When we blather about trivial things, we ourselves become trivial.
You become what you give your attention to.” —Epictetus.
I finished reading Peace & Good Order and am inspired reading of the authors journey.
Harold R. Johnson is a Canadian lawyer.
His father was a Swedish immigrant, and his mother a Cree aboriginal. He was born in Saskatchewan. He enlisted in the Royal Canadian Navy. Also worked as a logger, trapper and miner. As an adult he went to university and completed his education in law at Harvard.
Peace and Good Order was educational and helpful to read. Harold Johnson, shares his experience, as a defence lawyer and as a Crown prosecutor working in northern Saskatchewan. And in doing so the author does the country a great service. He shares the cause and effects of treaties the Indigenous signed between themselves and the Crown. And in a lot of cases broken. Not only the outcomes does he share, but the solutions as well.
The primary cause of disorder in ourselves is the seeking of
reality promised by another.” ―Jiddu Krishnamurti
Here are a few snippets from Peace and Good Order. His books should be mandatory reading for high schools.
“Race is so fundamental to our existence that the refusal of the justice system to consider it means that system has closed its mind to our reality. Justice prides itself on its blindness, taking as its emblem the blindfolded woman with a scale in one hand and a sword in the other. But how can it judge me if it refuses to look at me, and if it looks at me, refuses to see the essential of who I am? We often speak of systemic racism. It's not the system that's racist. It's the participants. It's the judge and the prosecutor and the defence counsel and the clerk and the police officer and the prison guard and the accused and the victim. We are all racist, and we are not going to fix anything if we keep denying it.” - Peace and Good Order by Harold R. Johnson.
“There are never easy answers to complex problems. The administration of criminal law touches on almost all aspects of our lives: education, mental health, addictions, poverty, gender relations, family, children, security, communities and nations. But changing one clause in the Criminal Code could have significant, widespread impact. If we replaced "deterrence" with "redemption," the very first act of redemption would have to be an apology for the harms committed. The offender would still pay a price, but it would be paid to the victims and the community through some form of service. Instead of looking at sentencing digests to determine the length of incarceration a particular offence required, a prosecutor would ask the community and the victims what they needed to make things right.” - Peace and Good Order by Harold R. Johnson.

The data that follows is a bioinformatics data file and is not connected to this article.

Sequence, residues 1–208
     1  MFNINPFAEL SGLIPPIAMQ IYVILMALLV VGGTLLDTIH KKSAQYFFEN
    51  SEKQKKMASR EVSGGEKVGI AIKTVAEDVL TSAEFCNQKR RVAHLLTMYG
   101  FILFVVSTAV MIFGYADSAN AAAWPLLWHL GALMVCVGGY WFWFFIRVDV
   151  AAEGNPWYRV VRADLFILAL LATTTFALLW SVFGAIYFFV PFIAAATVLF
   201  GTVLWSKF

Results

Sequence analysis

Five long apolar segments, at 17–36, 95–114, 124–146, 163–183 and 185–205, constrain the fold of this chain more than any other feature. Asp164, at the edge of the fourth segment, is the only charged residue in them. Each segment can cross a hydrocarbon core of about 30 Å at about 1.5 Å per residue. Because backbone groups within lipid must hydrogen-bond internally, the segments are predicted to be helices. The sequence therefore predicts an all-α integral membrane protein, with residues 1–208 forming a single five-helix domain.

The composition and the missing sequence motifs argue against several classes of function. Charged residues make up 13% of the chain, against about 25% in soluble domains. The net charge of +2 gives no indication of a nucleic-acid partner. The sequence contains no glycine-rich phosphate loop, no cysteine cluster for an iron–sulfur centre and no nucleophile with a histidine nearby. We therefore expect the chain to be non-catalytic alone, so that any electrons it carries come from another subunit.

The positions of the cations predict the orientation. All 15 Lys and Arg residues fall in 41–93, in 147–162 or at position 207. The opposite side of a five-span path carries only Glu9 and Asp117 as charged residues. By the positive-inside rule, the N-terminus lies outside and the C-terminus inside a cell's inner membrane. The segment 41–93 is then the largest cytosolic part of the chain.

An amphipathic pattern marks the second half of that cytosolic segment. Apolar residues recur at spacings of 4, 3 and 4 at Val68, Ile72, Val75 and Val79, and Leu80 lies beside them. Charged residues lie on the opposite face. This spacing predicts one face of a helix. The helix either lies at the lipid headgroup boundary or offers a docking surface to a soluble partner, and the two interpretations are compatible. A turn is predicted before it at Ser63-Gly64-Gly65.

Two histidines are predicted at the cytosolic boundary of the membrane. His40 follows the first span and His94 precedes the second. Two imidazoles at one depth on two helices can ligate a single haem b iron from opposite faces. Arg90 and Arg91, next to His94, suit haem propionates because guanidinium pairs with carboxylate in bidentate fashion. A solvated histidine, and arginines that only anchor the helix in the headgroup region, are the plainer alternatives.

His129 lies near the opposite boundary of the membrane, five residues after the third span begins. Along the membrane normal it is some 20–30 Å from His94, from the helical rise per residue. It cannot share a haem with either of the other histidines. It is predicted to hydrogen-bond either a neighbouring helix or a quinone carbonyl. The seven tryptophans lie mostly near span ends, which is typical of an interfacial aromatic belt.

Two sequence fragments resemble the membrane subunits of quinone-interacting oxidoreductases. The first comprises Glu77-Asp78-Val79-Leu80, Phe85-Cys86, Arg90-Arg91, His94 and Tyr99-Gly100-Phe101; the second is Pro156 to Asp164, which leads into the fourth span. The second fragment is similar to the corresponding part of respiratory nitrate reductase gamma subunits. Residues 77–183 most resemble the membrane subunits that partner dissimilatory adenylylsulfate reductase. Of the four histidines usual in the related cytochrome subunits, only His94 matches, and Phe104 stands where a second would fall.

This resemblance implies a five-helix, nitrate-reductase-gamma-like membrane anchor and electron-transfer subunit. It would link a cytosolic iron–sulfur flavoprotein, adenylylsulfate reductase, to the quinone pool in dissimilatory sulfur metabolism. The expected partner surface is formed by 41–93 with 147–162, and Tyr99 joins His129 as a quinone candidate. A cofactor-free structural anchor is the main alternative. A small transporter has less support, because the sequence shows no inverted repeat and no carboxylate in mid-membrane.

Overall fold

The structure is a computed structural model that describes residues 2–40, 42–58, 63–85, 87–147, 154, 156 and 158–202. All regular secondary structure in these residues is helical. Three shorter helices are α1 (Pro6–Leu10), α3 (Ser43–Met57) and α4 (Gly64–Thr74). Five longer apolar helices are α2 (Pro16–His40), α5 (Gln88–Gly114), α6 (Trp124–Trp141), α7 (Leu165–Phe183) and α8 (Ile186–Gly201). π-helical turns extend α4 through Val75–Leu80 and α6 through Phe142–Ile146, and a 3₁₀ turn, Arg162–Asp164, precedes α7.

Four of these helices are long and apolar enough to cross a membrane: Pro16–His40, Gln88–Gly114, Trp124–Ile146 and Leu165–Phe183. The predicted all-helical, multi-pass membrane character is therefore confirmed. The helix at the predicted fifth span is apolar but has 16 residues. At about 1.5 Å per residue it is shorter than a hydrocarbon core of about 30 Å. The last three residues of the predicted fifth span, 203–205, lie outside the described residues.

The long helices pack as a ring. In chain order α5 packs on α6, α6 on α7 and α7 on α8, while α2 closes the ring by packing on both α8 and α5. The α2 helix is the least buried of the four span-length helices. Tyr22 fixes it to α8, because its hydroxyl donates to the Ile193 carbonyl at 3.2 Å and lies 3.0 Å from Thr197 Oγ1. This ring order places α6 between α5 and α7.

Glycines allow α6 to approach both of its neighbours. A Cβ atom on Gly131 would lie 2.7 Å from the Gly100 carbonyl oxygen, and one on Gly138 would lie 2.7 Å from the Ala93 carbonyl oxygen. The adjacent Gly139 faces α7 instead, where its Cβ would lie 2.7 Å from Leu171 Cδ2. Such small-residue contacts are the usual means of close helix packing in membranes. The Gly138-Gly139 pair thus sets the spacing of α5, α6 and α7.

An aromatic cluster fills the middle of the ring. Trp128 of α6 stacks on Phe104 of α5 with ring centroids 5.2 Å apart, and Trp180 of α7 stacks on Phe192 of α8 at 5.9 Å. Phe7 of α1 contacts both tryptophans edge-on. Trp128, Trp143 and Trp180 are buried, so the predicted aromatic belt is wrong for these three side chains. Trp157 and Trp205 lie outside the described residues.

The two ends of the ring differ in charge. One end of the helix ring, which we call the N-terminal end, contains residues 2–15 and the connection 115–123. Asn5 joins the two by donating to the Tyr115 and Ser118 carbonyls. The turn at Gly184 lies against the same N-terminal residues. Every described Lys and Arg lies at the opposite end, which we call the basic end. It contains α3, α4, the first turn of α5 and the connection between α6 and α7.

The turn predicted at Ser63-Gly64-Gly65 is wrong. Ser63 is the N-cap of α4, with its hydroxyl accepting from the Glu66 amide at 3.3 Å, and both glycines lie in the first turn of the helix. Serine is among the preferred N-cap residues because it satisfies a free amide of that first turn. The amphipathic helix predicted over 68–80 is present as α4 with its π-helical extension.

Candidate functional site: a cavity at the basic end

His deterrence versus redemption perspective is the wisdom he wants us to contemplate. Learned as a defence lawyer and a prosecuting lawyer for the Crown, yes. But, also from losing two brothers at different times in his life. Drunk drivers killed both. He rises above the pain and reaches out to one of the drivers to help; seeing no good coming out of the drivers life being further destroyed. It affects his family, future generations, and community. How could redemption work? Author and driver visit high school chapters of SADD to speak about alcohol and the dangers. It is a long road, but the driver begins to redeem himself to the community and in his own heart.
The book has been very well researched and his opinions supported by such.
A little poem today...
The Way It Is
by William Stafford
There’s a thread you follow. It goes among
things that change. But it doesn’t change.
People wonder about what you are pursuing.
You have to explain about the thread.
But it is hard for others to see.
While you hold it you can’t get lost.
Tragedies happen; people get hurt
or die; and you suffer and get old.
Nothing you do can stop time’s unfolding.
You don’t ever let go of the thread.
It is one thing to read and learn, but how and where will I apply the newfound knowledge? This is where growth comes in.
Hope is unique; hope looks forward, anticipating the good that is coming.
Hope reaches into the future to take hold of something
we do not yet have, may not yet even see.
Strong hope seizes the future that is not yet;
it is the confident expectation of goodness coming to us. ~ John Eldredge
I hope you have a nice weekend and a great week ahead.
Take care. Stay safe. Slow dance sometimes.
With love from Prince Edward Island,
Bruce & Millie
ps. Your Morning Smile.
A tourist was driving on a back road during a heavy rainstorm. He passed a cabin with a man sitting on the porch playing his fiddle.
"Why don't you go inside on this rainy day?" the tourist asked.
"Because the roof leaks," answered the fiddler.
"Well, then, why don't you fix the roof?"
"Can't fix a roof when it's raining," the fiddler answered.
"So, why don't you fix the roof on a sunny day?"
"'Cause the roof don't leak on sunny days!" replied the fiddler.